"F*** you, sir", he blogged on 2 June.
On Friday, St Andrew’s Junior College (SAJC) student Reuben Wang made a U-turn and apologised to Deputy Prime Minister Teo Chee Hean in person at the Ministry of Home Affairs.
According to The Straits Times (ST), the JC1 student had initiated the apology after SAJC counseled him on Wednesday.
Wang’s earlier public post had drawn both support and flak from Internet users after he blogged about the “conversation” students had with Teo during the recently held Pre-University Seminar.
Teo was the key speaker at this year's annual Pre-U Seminar, held at the Nanyang Technological University and attended by more than 500 students last week.
In his 700-word post filled with profanities, the 17-year-old criticised Teo for answering questions posed by students with another question instead.
“The participants made it extremely clear they were dissatisfied with DPM Teo- and when we asked about our concerns which we do not know what can be done to solved, he will give the f***ing ridiculous reply “What do you think (can be done)?” Wang wrote.
The forthright student then reasoned, “We are 17 years old with very little to no life experience and you want us to come up with policies for you? It is exactly because we don’t know what can be done we worry about the country. We seek your opinion. You gave us none.”
Wang blogged on the topic again, unapologetic, after his first post went viral. But he has since taken down his entire blog.
After his apology on Thursday, Wang told ST that he realised his post was “rash” after reading his friends’ comments.
In response, Teo was quoted by the paper as saying "I am glad he has taken the time to reflect, and recognises that what he said, as well as the way he said it, were wrong."
He added that he avoided spoon feeding students answers because he wanted them to “think deeply about the difficult choices they had to make”.
Many Yahoo! users who commented on a Facebook thread felt that Wang was only partially wrong.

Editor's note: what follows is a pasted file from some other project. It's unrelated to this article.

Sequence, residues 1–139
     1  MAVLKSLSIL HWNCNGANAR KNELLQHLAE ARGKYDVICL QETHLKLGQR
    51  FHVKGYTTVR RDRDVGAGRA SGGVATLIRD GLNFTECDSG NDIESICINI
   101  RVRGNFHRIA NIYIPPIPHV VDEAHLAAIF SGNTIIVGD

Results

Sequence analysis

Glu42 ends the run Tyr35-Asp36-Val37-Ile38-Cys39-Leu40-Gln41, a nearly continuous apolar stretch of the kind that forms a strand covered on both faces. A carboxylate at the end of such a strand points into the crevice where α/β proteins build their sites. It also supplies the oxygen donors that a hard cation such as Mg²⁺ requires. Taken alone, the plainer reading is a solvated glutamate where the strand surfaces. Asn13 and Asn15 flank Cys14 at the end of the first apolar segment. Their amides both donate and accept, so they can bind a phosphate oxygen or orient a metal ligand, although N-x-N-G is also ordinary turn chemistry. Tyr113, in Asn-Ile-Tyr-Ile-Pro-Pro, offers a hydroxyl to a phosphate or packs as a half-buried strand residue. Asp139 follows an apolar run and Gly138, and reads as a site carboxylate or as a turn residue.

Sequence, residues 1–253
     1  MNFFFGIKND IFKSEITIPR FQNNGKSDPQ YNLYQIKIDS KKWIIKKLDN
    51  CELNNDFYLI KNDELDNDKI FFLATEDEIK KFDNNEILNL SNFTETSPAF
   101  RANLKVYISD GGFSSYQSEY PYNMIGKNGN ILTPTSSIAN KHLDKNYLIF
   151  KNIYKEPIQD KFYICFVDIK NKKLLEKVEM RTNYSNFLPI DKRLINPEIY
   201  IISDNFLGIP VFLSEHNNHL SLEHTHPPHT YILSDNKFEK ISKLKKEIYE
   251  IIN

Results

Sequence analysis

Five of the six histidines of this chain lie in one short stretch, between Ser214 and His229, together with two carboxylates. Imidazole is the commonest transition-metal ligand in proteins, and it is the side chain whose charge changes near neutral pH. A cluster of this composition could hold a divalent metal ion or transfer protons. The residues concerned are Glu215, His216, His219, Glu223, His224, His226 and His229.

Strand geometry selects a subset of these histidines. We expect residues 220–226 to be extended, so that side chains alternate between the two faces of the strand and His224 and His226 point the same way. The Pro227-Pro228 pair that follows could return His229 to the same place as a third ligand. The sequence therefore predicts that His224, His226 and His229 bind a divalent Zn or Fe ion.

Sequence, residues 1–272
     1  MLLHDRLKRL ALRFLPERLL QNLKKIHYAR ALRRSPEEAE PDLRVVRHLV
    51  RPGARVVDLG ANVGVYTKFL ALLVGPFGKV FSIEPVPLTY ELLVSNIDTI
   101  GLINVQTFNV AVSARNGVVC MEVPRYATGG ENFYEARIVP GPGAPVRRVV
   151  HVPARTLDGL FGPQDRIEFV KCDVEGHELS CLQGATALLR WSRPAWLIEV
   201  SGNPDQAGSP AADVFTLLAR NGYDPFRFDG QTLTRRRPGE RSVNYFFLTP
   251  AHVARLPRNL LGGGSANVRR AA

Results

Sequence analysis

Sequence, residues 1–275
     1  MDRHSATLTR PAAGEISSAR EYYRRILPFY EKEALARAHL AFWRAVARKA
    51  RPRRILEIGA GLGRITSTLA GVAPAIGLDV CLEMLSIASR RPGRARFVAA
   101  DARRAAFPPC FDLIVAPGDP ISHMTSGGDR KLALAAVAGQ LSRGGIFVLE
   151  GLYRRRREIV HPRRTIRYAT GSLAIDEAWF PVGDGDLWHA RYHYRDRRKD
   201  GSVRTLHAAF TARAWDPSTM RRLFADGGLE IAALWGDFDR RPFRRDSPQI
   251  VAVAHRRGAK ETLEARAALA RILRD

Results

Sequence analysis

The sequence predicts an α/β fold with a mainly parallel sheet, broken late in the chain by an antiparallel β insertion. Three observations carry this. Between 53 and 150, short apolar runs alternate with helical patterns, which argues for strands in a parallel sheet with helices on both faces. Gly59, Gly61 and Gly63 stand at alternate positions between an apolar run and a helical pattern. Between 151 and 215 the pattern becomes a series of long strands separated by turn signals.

“The only thing he did wrong was the use of profanities,” said Lendl Tan. “Had he omitted all the profanities, I think it'd have been a rather intelligent and apt piece.”
Agreeing, another user Henry Chua let on, “I still believe the student was correct in being frustrated by the non answer given by DPM, just that he should not have used the expletive.”
Others, who were less supportive, pointed out that it is about time today’s youngsters understand that they are all accountable for their words and actions.
“Kids need to learn that they are responsible for everything they do, and everything they write online,” said David Ernie. “Although I am not a fan of DPM, and his political party, I definitely do not support what the kid did.”
Added Eva Lim Sng, “Have a point, make it, but do it respectfully and without using profanities. Let's not dive into gutter politics. The undergrads today can do better than this.”
When contacted, political analyst Derek da Cunha told Yahoo! Singapore that there is “clearly a right way and a wrong way to express disagreement”.
“If a person's argument is strong then all that needs to be done is to cast that argument in purely intellectual terms substantiated by examples, without any descent to profanities,” he advised.
The independent scholar also noted that this incident is likely to strengthen the argument for a code of conduct on responsible online behaviour, which Minister for Information, Communications and the Arts Yaacob Ibrahim had recently called for.
Added da Cunha, “If you continue to allow a virtual free-for-all on the Internet with few restrictions (and) thresholds of what are unacceptable continue to be breached, this might increasingly be reflected in errant behaviour offline.”
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